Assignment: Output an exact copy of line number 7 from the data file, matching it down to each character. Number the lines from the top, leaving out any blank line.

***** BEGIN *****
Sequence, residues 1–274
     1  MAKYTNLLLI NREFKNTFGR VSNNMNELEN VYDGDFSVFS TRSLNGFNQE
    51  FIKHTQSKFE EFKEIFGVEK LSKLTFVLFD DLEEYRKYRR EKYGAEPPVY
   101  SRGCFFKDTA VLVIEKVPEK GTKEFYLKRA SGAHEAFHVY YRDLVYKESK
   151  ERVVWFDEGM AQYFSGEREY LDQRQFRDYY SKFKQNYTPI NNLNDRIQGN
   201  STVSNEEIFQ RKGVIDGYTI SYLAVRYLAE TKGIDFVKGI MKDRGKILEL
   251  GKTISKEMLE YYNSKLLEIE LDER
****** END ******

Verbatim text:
   251  GKTISKEMLE YYNSKLLEIE LDER